and patent leather.
Sizes 2 1-2 to 5 1-2.
Friday $3.65 a pair.
All Sales Final.
This is the Best Time
to Choose . . .
Summer Wash Goods
Stocks are complete with all
that is new and desirable in
Wash Cottons. The prices,
too, are very attractive., as these
few quotations will show.
English Voiles The ''finest
quality in a complete range
of the favorite summer shades.
Usually $1.25. Friday, $1 a yard.
Fast : Color Skirtings ' that
will launde r perfectly;
Shown in likeable checks and
stripes. 85c and $1 a yard. ;
Colored , Dress Linens - A
limited yardage of pure
linen which cannot be duplicated
at anywhere near the price we
are asking. (36-inch), $1.25 a
, Wash Cottons Opposite the Silks
The Hartmann Wardrobe Trunk
Is Comparable to No Other
From the time of its
introduction it hat re
mained the , greatest
of its kind. . You all
know how its endur
ance has been proved
by years of hard us
age. You know of its
ultra appearance and
its great convenience.
These facts stand out
in a list of achieve
ments for its builders
that no other trunk
been able to match.
And if it is a matter of price comparison, we in
vite you to compare our $70 trunk with any wardrobe
trunk on the market today. It has lift top, padded
inside, locking device for drawers, shoe box easy to
get at, laundry bag and hat box.
Others Priced from $39 Up
FRELING & STEINLE
1803 Farnam Street. Douglas 273.
A limited supply of PENNSYLVANIA HARD COALall size,
is now on hand and in transit
Sunderland Certified Coal
Quality is back to pre-war high standards and we sell this coal under
thei old-time SUNDERLAND GUARANTEE of satisfaction to you or
coal removed without cost or argument
Lowest Prices Now
Prices, while higher than a year ago on account of increased freight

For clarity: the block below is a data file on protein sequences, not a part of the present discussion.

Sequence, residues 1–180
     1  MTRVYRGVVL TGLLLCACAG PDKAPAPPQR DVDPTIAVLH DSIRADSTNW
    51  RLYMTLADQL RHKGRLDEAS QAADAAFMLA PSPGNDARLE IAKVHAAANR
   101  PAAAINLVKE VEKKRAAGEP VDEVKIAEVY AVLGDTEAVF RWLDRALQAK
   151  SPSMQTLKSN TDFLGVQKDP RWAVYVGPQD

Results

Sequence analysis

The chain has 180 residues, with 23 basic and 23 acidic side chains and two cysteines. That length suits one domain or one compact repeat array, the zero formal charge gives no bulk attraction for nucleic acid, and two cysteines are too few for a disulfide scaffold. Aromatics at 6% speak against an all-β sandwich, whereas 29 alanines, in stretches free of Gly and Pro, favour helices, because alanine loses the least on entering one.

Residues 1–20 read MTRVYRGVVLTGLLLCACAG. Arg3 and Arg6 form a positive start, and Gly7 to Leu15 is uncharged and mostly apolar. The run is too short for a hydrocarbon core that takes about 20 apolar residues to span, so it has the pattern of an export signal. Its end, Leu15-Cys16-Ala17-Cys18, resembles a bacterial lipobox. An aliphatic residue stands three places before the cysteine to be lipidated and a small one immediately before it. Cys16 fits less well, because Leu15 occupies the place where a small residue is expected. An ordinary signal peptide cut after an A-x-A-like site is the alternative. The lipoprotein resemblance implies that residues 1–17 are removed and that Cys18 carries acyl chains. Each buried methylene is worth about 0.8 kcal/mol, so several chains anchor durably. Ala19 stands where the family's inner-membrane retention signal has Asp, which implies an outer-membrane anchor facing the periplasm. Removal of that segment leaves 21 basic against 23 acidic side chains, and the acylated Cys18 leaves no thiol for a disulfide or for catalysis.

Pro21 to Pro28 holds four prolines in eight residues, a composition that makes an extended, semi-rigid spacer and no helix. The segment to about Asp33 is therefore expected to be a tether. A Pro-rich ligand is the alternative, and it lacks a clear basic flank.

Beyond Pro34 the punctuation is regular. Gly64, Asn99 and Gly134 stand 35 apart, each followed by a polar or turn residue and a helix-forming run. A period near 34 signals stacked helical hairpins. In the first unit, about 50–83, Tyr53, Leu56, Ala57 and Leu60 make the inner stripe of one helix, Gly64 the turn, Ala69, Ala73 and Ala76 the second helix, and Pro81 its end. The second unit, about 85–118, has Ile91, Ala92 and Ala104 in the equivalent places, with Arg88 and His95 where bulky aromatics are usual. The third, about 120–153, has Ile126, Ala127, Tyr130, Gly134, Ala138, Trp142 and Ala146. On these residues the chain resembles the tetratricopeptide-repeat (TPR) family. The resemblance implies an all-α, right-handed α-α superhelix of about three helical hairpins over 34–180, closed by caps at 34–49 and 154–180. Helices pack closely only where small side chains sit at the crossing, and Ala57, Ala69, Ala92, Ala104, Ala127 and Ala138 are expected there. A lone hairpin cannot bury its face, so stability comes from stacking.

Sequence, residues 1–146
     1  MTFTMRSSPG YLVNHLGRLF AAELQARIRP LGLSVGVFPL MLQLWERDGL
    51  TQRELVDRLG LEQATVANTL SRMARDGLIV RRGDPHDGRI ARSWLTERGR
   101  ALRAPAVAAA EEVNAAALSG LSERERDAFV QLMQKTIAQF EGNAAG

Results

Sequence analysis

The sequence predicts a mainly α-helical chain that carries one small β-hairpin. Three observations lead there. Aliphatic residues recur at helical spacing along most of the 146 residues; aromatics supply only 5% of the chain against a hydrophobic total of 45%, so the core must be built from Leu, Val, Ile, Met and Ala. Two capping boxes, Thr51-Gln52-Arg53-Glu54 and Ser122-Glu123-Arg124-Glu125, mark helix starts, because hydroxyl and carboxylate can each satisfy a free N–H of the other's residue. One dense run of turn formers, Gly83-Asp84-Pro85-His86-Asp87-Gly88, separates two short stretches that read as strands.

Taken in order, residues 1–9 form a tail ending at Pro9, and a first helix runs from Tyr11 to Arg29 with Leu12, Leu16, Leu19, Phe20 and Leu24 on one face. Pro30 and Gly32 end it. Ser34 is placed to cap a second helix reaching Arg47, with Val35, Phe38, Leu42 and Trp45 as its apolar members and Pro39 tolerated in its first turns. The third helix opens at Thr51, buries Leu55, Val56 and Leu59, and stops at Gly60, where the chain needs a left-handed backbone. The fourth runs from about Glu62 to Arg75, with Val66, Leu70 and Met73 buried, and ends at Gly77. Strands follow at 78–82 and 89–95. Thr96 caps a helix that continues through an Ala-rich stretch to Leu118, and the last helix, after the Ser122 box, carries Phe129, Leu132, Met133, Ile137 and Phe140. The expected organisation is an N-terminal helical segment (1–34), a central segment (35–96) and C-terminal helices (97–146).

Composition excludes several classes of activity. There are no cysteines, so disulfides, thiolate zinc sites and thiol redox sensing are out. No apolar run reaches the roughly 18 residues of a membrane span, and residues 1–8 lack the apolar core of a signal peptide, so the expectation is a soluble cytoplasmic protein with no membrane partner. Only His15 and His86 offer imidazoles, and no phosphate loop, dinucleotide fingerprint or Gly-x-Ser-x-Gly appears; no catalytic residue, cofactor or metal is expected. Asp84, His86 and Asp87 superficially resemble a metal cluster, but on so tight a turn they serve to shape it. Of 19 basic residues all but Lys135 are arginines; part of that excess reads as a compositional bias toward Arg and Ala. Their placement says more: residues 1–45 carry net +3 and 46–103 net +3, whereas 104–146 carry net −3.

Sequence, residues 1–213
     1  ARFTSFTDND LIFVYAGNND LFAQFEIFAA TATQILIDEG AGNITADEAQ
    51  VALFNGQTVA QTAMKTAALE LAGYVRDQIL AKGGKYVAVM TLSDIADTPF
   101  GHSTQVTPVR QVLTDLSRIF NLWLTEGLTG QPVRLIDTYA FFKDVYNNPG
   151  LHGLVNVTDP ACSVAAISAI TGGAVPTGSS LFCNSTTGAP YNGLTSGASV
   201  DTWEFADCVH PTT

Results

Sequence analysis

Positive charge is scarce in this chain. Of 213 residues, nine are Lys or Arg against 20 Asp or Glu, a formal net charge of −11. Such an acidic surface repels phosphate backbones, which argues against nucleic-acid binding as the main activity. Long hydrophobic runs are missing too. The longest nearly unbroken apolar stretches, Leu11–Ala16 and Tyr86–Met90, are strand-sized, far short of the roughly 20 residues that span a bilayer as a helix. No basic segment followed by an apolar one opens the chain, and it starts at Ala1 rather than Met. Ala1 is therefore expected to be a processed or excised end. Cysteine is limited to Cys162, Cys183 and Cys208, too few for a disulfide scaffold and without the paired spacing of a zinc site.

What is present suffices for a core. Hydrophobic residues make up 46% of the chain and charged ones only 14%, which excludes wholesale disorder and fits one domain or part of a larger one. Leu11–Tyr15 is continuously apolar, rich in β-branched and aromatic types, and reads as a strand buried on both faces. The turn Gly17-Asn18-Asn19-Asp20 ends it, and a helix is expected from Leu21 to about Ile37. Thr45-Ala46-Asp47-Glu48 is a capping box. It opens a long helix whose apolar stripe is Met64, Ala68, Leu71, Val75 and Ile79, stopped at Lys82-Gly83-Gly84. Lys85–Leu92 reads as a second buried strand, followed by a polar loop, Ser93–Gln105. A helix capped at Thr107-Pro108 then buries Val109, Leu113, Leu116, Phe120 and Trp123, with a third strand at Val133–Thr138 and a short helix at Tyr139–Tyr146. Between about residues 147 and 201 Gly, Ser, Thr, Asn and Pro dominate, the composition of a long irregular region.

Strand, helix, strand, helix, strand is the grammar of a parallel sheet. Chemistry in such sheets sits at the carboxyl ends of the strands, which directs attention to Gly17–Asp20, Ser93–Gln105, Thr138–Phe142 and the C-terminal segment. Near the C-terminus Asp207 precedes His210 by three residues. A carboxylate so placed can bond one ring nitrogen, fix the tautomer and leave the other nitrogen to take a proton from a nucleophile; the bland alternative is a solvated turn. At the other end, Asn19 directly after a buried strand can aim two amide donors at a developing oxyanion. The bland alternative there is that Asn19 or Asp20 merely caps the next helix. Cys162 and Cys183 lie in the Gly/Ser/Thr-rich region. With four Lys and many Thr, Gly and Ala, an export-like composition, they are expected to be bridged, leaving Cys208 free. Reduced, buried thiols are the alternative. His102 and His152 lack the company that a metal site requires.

and wages to miners, include the smallest possible margin for us. We
plan to deliver much of this coal direct from the car, without unloading
or storing in our bins, and you gain the benefit in price if we deliver to
you at once.
Beyides this, our cost advances each month during the summer. May
price to you is based on May cost to us. We shall have to increase the
price for later deliveries. -. ' ' ,
Later Supply in Doubt
There is a grave question whether enough Pennsylvania Hard Coal of
i high quality can be secured this year to take care of Omaha needs.
Now Is the Time to Buy
Phone Tyler 2700
Main Office Entire Third Floor Keeline Building
One of Our Yards Is Near Your Home
- . n
iLsWsMl r Ttfsstissf r " iii iir'riasfli
On. lace. Red and hard. Very
sore to touch and at times throbbed.
Very Itchy and scratched. In a
abort time Cue a mass of blotches
and pimples. Ashamed in public.
Saw Cuticura advertisement and sent
for sample. Purchased more. Used
one cake Soap and one bos Oint
ment and was healed.
From signed statement of Norman
Rosenquest, New Springfield, Ohio,
July 10, 1918.
Make Cuticura Soap and Oint
ment your dally toilet preparations.
' Oo ftot fiO to test Mm fswfnsthf fissrsno of
Caticurs Talenra. mn xauiiitl. entail f a, ua
Skin sarfanioc powdar, ft casts afarjwban.
tVKO la aaMlsaatglanlBMSk
ax all SsSstttst
Those who are weak and
reduced from an attack
of Influenza or Pneumonia
will experience wonderful
recuperative effects from
the nse of
ask Yooa otoooisr